Labour Shortages to Haunt 2022

Logistics and Supply Chain News

Supply chain managers are most worried about finding people, reveals our annual survey amongst the leaders in the industry. It is not surprising that after a year when the logistics sector struggled to find employees, more leaders in the industry are expecting problems.


According to our survey 57% of respondents expect some form of labour shortages. Supply chain shortages are the second biggest worry for leaders. 36% of participants said the supply chain will experience problems in 2022. This follows what happened in many countries around the world in 2021. The new demand, created by the rise in e-commerce, surprised many and some were unsure whether the supply chain will be able to cope with what was put forward. However, the industry showed its resilience and managed now only to perform well but also supply crucial areas and industries.

‘It was a challenging year with many restrictions, external challenges, reduction in air freight and all demand drastically increased. It’s surprising that the sector was able to accommodate the new

demand,’ says a Founder in a technology company that provides software services to supply chain organisations.

Not enough foreign workers

Commenting on the expected labour shortages some of the participants believe better pay options would attract more people into the industry. For the majority of the industry, however, the problem with workers comes from the lack of foreign labour – specifically in the UK. 60% of participants say that not enough people from abroad are the cause for the problems. 20% point the finger at low salaries and another 20% blame the UK government and its management of immigration rules.

Warehouse problems

The industry seems to be optimistic about being able to find warehousing space. Only 7% of all supply chain managers that took part in the survey believe there will be problems with finding suitable space. In addition, many believe that companies will be forced to use locations that were not originally designed for logistics. This would lead to more warehouses being opened in old stores and offices. Many even urge the industry to proactively look at using what already exists.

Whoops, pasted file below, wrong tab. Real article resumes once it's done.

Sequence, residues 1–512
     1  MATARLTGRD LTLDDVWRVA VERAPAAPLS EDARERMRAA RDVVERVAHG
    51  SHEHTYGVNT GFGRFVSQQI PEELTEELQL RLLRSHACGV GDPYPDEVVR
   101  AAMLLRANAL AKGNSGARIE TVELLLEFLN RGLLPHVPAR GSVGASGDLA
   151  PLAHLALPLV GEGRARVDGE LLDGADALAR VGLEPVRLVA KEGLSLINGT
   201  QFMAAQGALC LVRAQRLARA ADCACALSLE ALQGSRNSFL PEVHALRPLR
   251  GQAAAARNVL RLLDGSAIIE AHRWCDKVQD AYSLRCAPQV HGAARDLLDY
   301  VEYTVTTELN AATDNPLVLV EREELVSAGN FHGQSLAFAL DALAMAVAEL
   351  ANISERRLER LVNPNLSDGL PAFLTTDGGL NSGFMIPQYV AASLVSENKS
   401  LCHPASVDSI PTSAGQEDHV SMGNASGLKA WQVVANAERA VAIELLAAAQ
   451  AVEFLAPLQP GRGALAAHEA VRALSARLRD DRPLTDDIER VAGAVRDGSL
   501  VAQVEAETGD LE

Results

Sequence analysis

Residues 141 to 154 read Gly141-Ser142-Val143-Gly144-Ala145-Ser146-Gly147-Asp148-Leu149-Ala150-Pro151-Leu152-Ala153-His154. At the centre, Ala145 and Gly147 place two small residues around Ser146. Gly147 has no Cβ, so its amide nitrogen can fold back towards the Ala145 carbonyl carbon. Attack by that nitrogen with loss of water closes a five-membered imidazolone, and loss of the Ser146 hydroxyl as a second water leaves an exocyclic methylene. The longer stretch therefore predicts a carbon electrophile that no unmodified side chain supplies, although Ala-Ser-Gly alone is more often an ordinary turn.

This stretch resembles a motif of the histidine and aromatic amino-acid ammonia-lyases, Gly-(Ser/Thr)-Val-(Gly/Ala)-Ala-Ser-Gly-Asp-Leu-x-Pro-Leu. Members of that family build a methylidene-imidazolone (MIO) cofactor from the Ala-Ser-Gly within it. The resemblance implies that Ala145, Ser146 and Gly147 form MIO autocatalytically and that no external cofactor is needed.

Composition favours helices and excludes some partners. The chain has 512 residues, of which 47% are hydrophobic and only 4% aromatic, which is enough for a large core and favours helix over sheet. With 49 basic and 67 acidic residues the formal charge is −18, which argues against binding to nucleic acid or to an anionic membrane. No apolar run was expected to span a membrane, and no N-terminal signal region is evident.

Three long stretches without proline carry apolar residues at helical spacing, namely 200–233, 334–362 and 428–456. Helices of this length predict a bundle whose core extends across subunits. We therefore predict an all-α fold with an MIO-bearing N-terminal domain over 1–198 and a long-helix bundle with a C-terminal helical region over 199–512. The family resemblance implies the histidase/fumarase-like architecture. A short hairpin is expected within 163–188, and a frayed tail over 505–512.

Warehousing automation is expected to see huge growth in 2022. ‘Warehouse automation is the area which will see the most growth in my opinion in 2022. It’s a closed environment where companies can experiment and deploy new solutions,’ says one of the participants. In their opinion, driverless vehicles are not likely to make any difference in 2022.

What is to come

Looking at sustainability Moritz Tölke, Technical Manager at Smart Freight Centre believes five trends will shape the industry in 2022:

  • Ever-growing attention to collaboration amongst shippers and their supply chain partners e.g. in the Sustainable Freight Buyer’s Alliance (SFBA);
  • Establishment and implementation of book & claim chain of custody systems to accelerate investments into decarbonizing supply chains;
  • Increased uptake and demand for biofuels for road freight and wider-scale market entry of Medium-duty Battery Electric Vehicles;
  • Increased focus on utilizing data exchange between stakeholders for accounting and optimization of logistics emissions;
  • Adoption of the FitFor55 package within the EU and similar regulations around the globe – including expansion of carbon pricing schemes for logistics and additional GHG disclosure requirements;

Overall, supply chain managers think that 2022 will be challenging but will also bring many new opportunities. Shortages – both labour and supply chain related – will most likely go beyond 2022. The supply chain was forced to adapt and the production of many key industries was negatively affected.

It will take at least a year for some of them to ramp up again and reach the levels that we had seen before 2020.

You can find more about the future trends in supply chain, logistics, warehousing, sustainability and more in the January 2022 edition of The Logistics Point Magazine. ✷

Leave a Reply

Your email address will not be published. Required fields are marked *

This site uses Akismet to reduce spam. Learn how your comment data is processed.